One the Fallacy of Quantitative Segmentation for T1-Weighted MRI.
Andrew J. Plassard, Robert L. Harrigan, Allen T. Newton, Swati D. Rane, Srivatsan Pallavaram, Pierre F. D’Haese, Benoit M. Dawant, Daniel O. Claassen, Bennett A. Landman. “One the Fallacy of Quantitative Segmentation for T1-Weighted MRI.” In Proceedings of the SPIE Medical Imaging Conference. San Diego, California, February 2016. Oral presentation.
Full Text: https://www.ncbi.nlm.nih.gov/pmc/articles/PMC4845960/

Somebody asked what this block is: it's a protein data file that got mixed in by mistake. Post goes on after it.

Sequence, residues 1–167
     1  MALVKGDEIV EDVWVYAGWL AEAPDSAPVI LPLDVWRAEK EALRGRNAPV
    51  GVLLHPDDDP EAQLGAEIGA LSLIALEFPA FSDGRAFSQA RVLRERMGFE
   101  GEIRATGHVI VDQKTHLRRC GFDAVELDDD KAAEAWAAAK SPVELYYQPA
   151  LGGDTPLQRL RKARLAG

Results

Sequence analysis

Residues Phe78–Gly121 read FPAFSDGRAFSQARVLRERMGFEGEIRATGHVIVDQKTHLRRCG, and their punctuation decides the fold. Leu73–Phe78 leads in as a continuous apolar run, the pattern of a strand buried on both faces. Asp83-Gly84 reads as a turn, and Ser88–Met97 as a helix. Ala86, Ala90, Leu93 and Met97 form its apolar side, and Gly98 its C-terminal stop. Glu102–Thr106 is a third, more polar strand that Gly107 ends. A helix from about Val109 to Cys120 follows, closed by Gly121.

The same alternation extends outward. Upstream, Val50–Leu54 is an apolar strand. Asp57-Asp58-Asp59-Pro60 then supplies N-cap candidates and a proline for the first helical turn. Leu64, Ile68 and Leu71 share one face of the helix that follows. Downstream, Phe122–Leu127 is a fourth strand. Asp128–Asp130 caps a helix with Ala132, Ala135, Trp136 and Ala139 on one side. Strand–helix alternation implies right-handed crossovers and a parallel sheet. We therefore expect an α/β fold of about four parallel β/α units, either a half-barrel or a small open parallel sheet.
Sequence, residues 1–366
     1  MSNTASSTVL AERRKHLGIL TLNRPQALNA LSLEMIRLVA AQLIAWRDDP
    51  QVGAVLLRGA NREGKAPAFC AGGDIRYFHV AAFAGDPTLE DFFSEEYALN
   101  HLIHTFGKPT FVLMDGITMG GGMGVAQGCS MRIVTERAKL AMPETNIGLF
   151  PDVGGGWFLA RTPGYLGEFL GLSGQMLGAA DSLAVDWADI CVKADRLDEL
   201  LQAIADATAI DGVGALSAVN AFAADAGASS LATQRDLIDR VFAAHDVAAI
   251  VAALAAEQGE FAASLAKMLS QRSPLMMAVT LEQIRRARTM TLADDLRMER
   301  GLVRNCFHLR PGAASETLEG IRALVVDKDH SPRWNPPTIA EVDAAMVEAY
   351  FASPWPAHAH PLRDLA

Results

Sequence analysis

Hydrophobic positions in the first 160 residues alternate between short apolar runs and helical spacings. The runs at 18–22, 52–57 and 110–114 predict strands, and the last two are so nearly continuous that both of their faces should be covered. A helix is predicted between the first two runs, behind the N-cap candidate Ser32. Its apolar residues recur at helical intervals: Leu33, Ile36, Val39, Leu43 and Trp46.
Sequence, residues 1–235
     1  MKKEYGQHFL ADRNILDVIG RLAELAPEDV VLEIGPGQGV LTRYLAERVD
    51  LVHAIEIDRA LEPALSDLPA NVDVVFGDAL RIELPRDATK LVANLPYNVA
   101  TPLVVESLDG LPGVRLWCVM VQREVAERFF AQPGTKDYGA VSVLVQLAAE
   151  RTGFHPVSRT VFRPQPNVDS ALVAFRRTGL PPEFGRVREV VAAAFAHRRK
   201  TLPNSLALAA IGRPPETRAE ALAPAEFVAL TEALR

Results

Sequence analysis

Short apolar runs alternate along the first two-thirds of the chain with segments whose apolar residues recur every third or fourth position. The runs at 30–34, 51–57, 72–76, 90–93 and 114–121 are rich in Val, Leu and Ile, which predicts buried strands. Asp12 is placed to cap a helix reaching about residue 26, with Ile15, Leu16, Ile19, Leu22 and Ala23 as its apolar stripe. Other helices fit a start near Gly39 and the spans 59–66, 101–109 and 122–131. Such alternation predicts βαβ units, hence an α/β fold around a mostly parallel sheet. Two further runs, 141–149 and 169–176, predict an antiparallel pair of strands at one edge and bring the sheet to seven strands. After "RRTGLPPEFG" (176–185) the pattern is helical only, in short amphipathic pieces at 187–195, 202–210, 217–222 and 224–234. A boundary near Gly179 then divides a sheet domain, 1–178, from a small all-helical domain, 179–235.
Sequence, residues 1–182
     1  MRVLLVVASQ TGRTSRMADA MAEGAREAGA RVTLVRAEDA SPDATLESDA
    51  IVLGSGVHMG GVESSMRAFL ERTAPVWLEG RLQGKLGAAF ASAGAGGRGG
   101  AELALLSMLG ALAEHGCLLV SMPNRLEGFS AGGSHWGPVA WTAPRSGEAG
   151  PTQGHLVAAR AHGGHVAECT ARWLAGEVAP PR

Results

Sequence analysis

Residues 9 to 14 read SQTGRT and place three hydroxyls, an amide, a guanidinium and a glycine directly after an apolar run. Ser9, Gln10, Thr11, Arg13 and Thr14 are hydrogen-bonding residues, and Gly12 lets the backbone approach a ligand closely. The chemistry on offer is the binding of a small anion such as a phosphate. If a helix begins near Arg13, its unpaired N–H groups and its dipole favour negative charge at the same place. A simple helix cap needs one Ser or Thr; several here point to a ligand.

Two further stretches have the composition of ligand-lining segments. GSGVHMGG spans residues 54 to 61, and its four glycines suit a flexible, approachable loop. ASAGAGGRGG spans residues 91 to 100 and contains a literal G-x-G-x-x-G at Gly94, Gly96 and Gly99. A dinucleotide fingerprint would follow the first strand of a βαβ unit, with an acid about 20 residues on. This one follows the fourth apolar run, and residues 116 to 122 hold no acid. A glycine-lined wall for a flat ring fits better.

T1-weighted magnetic resonance imaging (MRI) generates contrasts with primary sensitivity to local T1 properties (with lesser T2 and PD contributions). The observed signal intensity is determined by these local properties and the sequence parameters of the acquisition. In common practice, a range of acceptable parameters is used to ensure “similar” contrast across scanners used for any particular study (e.g., the ADNI standard MPRAGE). However, different studies may use different ranges of parameters and report the derived data as simply “T1-weighted”. Physics and imaging authors pay strong heed to the specifics of the imaging sequences, but image processing authors have historically been more lax. Herein, we consider three T1-weighted sequences acquired the same underlying protocol (MPRAGE) and vendor (Philips), but “normal study-to-study variation” in parameters. We show that the gray matter/white matter/cerebrospinal fluid contrast is subtly but systemically different between these images and yields systemically different measurements of brain volume. The problem derives from the visually apparent boundary shifts, which would also be seen by a human rater. We present and evaluate two solutions to produce consistent segmentation results across imaging protocols. First, we propose to acquire multiple sequences on a subset of the data and use the multi-modal imaging as atlases to segment target images any of the available sequences. Second (if additional imaging is not available), we propose to synthesize atlases of the target imaging sequence and use the synthesized atlases in place of atlas imaging data. Both approaches significantly improve consistency of target labeling.